Civil Lawsuits Filed

Stop me if you have heard something like this before.  The Department of Justice announced a civil lawsuit on Tuesday alleging that Bank of America defrauded buyers of mortgage-backed securities by lying about the quality of the home loans involved. The Securities and Exchange Commission also announced a parallel case against BofA.

Yes, the Federal Housing Finance Agency (FHFA) and various private securitization investors, among other parties, have previously filed similar types of suits against BofA.  This time, the allegations focus on a specific securities offering from 2008, one in which investors including Wachovia Bank and the Federal Home Loan Bank of San Francisco purchased over $850 million worth of supposedly high-quality mortgage-backed securities from BofA.

The DOJ estimates that investors will ultimately lose more than $100 million on the offering. As of June, the Justice Department said, 23% of the mortgages involved had failed or were delinquent.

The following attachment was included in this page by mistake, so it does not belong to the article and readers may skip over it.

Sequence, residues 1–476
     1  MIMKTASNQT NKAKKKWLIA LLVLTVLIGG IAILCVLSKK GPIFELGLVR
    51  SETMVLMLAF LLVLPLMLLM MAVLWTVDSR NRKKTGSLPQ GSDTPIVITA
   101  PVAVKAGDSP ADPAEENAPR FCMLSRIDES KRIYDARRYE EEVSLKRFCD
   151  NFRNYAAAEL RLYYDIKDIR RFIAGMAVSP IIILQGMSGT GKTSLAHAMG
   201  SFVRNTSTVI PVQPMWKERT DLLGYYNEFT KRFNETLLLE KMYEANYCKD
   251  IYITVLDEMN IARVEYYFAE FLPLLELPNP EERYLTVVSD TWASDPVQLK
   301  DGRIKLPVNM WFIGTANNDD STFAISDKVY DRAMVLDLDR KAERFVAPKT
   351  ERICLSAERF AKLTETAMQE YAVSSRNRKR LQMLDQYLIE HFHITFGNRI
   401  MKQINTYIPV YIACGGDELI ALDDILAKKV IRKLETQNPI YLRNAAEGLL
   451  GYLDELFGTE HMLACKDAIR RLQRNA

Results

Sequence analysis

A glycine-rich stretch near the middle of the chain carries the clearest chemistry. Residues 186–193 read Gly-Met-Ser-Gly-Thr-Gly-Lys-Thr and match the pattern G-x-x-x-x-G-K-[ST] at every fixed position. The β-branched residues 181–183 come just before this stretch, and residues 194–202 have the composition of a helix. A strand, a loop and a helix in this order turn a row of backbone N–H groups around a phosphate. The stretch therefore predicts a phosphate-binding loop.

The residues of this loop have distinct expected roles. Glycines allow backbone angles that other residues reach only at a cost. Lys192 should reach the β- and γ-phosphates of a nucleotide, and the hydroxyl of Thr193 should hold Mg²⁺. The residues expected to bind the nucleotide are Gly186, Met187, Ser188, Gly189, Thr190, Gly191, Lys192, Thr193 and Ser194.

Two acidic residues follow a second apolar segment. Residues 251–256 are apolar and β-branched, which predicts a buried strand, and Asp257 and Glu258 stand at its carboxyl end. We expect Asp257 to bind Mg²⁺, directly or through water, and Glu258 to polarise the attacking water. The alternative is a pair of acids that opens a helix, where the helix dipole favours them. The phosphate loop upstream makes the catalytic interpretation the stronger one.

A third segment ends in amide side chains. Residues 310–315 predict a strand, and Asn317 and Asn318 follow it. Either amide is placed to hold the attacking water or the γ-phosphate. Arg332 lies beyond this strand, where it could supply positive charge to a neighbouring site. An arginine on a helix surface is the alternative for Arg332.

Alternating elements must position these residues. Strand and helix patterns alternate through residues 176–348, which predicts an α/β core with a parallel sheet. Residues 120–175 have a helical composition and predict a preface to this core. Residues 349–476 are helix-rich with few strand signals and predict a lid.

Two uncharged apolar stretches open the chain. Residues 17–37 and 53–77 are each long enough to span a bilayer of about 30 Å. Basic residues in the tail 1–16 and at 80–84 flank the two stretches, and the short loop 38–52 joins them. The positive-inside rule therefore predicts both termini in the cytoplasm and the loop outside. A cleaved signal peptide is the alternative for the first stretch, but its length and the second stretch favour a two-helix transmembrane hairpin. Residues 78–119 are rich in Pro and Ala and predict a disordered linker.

Pious and Meritless Demands

What is most noteworthy, perhaps, about these latest charges — particularly to those of us who represent mortgage loan originators that sold loans to Countrywide or BofA in the past, and now must defend against BofA’s pious and generally meritless demands that those originators “indemnify” BofA for its alleged losses — are some of the quotes from BofA in response to the announcement of these new suits.

Such as: Bank spokesman Lawrence Grayson saying yesterday that the mortgages in question were “sold to sophisticated investors who had ample access to the underlying data,” and that “the loans in this pool performed better than loans with similar characteristics originated and securitized at the same time by other financial institutions,” and, finally, that “we are not responsible for the housing market collapse that caused mortgage loans to default at unprecedented rates, and these securities to lose value as a result.”

Mr. Grayson, it might surprise you to learn that BofA routinely dismisses such arguments when they are made (appropriately) by correspondents to BofA, which structured the very loan programs that gave rise to the “unprecedented” default rates, yet still presses its meritless claims against loan originators that sold it the loans it coveted.